• What are the roles of “input” and “output” in SLA?
• How does the feeling of “belonging” influence motivation?
• What are the limitations of a Task-Based Syllabus?
• What is the wash-back effect of the Cambridge FCE exam?
• What is politeness?
• How are blogs being used in EFL teaching?
To sum up: Choose a manageable topic for each written assignment. Narrow down the topic so that it becomes possible to discuss it in detail. Frame your topic as a well-defined question that your paper will address.
3. Academic Writing.
Writing a paper at Masters level demands a good understanding of all the various elements of academic writing. First, there’s the question of genre. In academic writing, you must express yourself as clearly and succinctly as possible, and here comes Tip No. 4:
In academic writing “Less is more”.
Examiners mark down “waffle”, “padding”, and generally loose expression of ideas. I can’t remember who, but somebody famous once said at the end of a letter: “I’m sorry this letter is so long, but I didn’t have time to write a short one”. There is, of course, scope for you to express yourself in your own way (indeed, examiners look for signs of enthusiasm and real engagement with the topic under discussion) and one of the things you have to do, like any writer, is to find your own, distinctive voice. But you have to stay faithful to the academic style.
While the content of your paper is, of course, the most important thing, the way you write, and the way you present the paper have a big impact on your final grade. Just for example, many examiners, when marking an MA paper, go straight to the Reference section and check if it’s properly formatted and contains all and only the references mentioned in the text. The way you present your paper (double-spaced, proper indentations, and all that stuff); the way you write it (so as to make it coherent); the way you organise it (so as to make it cohesive); the way you give in-text citations; the way you give references; the way you organise appendices; are all crucial.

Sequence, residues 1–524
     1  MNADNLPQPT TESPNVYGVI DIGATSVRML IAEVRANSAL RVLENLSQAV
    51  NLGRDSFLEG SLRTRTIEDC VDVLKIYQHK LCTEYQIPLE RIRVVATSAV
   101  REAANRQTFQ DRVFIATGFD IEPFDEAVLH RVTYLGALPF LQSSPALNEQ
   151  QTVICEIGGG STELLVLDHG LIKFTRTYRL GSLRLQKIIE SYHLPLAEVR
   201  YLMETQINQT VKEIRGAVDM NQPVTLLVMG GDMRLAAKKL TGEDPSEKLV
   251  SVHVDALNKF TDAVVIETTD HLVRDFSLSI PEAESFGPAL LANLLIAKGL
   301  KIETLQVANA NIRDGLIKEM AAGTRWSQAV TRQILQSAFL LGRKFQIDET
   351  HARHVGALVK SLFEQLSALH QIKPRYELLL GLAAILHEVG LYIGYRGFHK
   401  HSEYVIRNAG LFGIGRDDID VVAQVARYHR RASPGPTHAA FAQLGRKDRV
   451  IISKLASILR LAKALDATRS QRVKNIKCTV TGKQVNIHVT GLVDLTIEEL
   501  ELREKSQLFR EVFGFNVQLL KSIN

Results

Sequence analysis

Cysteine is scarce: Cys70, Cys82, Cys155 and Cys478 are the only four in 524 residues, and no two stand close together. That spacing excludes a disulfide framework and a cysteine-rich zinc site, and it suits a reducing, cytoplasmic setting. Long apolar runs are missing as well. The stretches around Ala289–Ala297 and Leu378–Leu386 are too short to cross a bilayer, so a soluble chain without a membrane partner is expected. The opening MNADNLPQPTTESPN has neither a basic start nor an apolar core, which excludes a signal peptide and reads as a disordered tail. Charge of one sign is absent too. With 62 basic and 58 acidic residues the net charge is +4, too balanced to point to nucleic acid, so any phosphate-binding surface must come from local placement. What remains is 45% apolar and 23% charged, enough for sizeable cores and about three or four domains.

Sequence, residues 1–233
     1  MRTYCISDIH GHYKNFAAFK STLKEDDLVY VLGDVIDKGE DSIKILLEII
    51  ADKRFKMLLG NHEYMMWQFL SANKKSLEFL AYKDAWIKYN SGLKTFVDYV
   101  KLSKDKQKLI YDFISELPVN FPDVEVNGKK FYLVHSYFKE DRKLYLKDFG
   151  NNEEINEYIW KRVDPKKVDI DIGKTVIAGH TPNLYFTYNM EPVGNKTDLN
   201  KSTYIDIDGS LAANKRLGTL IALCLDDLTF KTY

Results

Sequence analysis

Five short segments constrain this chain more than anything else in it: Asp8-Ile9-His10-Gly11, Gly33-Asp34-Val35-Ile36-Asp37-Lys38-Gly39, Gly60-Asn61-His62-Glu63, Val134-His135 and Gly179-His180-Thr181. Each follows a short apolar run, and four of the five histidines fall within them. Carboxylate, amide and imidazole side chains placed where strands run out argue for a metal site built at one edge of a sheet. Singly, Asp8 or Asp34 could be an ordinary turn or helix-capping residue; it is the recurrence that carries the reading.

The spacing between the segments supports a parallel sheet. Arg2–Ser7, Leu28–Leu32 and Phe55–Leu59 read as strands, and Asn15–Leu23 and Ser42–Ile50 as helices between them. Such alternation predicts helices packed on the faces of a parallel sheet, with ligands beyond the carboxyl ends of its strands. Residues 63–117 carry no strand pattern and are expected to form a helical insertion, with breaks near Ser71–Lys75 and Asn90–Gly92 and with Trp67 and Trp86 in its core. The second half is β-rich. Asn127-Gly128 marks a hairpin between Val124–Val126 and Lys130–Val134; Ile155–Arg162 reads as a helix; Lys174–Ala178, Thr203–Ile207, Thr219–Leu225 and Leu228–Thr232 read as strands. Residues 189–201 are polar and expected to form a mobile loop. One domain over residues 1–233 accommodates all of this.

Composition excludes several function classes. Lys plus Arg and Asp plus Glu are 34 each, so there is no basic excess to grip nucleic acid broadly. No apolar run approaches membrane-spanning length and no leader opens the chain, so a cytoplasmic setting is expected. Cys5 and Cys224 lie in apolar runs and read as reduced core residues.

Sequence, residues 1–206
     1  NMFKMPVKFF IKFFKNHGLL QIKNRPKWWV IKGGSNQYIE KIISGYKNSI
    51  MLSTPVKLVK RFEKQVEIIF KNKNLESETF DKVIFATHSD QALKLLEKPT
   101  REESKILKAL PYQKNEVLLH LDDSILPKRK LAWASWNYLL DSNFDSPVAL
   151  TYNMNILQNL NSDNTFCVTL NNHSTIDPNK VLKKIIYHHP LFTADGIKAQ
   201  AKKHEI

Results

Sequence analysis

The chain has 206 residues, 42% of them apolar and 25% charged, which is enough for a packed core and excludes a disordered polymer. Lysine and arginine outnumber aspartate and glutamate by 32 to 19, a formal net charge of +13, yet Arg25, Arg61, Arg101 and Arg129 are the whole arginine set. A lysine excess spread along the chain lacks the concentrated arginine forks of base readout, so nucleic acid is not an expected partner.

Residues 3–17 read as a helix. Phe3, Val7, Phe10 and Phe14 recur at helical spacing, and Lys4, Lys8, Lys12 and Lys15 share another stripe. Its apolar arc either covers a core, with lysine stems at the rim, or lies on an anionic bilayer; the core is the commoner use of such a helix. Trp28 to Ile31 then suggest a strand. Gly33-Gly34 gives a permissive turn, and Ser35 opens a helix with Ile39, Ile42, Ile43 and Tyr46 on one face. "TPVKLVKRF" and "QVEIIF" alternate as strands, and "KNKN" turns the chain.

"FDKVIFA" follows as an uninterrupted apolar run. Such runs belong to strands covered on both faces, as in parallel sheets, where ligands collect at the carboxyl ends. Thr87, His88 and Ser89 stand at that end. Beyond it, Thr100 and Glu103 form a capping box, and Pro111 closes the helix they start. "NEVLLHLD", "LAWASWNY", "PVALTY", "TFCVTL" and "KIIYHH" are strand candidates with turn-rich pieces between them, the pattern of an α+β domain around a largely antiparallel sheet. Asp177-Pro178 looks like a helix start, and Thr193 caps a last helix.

Making the Course Manageable
1. Essential steps in working through a module.
Focus: that’s the key. Here are the key steps:
Step 1: Ask yourself: What is this module about? Just as important: What is it NOT about? The point is to quickly identify the core content of the module. Read the Course Notes and the Course Handbook, and DON’T READ ANYTHING ELSE, YET.
Step 2: Identify the components of the module. If, for example, the module is concerned with grammar, then clearly identify the various parts that you’re expected to study. Again, don’t get lost in detail: you’re still just trying to get the overall picture. See the chapters on each module below for more help with this.